Chocolate smells pink and stripy: Exploring olfactory-visual synesthesia

Alex Russell, Richard J. Stevenson, Anina N. Rich*

*Corresponding author for this work

Research output: Contribution to journalArticlepeer-review

7 Citations (Scopus)


Odors are often difficult to identify, and can be perceived either via the nose or mouth (“flavor”; not usually perceived as a “smell”). These features provide a unique opportunity to contrast conceptual and perceptual accounts of synesthesia. We presented six olfactory-visual synesthetes with a range of odorants. They tried to identify each smell, evaluate its attributes and illustrate their elicited visual experience. Judges rated the similarity of each synesthetes’ illustrations over time (test-retest reliability). Synesthetic images were most similar from the same odor named consistently, but even inconsistently named same odors generated more similar images than different odors. This was driven by hedonic similarity. Odors presented as flavors only resulted in similar images when consistently named. Thus, the primary factor in generating a reliable synesthetic image is the name, with some influence of odor hedonics. Hedonics are a basic form of semantic knowledge, making this consistent with a conceptual basis for synaesthetic links.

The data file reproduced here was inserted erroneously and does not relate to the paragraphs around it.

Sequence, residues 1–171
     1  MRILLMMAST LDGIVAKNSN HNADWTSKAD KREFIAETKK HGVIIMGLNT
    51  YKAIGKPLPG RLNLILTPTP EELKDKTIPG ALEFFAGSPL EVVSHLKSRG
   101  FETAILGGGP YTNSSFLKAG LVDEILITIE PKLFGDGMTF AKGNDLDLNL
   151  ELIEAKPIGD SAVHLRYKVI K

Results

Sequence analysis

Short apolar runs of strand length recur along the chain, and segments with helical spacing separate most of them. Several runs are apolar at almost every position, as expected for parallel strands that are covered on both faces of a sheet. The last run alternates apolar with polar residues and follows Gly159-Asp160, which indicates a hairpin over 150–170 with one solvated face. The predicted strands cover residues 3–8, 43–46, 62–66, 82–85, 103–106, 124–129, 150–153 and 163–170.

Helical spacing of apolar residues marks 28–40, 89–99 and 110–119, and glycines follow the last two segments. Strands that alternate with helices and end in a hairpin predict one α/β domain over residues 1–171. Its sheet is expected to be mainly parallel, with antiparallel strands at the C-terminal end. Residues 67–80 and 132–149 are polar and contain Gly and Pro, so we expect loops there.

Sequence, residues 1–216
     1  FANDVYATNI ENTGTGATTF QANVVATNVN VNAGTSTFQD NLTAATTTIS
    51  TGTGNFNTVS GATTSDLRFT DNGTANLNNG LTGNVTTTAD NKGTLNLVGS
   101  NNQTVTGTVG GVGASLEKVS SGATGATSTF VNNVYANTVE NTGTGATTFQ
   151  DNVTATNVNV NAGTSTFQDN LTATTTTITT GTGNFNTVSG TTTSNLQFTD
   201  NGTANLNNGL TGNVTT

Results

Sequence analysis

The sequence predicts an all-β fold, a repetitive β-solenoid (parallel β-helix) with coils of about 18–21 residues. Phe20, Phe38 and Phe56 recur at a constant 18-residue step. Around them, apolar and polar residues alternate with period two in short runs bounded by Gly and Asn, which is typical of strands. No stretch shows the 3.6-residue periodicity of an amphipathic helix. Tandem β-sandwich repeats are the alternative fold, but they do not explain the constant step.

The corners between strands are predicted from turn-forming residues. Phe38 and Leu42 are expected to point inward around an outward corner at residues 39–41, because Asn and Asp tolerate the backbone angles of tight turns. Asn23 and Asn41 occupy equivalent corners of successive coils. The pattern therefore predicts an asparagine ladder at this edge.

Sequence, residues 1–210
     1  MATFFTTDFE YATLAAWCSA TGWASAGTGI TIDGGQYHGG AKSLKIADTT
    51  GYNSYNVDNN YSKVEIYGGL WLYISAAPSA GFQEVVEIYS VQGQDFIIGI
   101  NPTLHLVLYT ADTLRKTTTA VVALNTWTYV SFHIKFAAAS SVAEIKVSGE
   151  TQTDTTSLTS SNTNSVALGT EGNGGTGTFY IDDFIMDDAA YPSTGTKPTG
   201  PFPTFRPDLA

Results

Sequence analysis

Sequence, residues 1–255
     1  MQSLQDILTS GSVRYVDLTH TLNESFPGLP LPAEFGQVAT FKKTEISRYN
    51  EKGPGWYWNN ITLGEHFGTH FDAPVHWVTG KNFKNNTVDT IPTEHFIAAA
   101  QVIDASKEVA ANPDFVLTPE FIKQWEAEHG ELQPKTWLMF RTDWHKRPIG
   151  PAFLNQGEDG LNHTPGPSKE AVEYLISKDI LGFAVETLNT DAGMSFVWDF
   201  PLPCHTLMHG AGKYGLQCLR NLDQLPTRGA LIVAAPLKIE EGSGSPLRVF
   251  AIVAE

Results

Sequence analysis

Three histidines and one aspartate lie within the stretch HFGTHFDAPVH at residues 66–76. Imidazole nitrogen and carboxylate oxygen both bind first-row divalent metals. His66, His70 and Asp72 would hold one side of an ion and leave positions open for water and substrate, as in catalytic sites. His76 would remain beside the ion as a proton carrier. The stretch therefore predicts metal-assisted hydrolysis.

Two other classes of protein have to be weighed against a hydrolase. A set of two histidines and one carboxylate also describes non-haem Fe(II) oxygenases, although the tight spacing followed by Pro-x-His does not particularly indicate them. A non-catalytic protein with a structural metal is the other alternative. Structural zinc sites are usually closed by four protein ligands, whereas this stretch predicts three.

Original languageEnglish
Pages (from-to)77-88
Number of pages12
JournalCognitive Neuroscience
Issue number2-3
Publication statusPublished - 3 Jul 2015


  • Conceptual
  • Hedonics
  • Meaning
  • Odor
  • Synesthesia


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